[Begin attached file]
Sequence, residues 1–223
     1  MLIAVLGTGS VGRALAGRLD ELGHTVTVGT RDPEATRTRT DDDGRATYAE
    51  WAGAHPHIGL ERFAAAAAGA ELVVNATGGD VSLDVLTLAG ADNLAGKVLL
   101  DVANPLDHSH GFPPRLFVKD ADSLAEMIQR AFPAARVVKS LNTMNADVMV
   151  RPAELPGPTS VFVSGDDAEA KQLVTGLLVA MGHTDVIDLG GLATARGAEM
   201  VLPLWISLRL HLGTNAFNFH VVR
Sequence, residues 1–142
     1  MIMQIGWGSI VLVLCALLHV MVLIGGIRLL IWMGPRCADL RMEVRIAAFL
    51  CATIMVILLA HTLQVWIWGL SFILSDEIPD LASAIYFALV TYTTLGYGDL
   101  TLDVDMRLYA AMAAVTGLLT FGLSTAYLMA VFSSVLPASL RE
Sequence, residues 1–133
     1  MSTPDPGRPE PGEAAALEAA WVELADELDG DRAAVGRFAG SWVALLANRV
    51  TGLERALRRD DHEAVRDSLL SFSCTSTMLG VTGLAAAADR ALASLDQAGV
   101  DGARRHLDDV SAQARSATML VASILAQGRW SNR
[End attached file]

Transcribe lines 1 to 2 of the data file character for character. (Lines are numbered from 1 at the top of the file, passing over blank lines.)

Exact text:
Sequence, residues 1–223
     1  MLIAVLGTGS VGRALAGRLD ELGHTVTVGT RDPEATRTRT DDDGRATYAE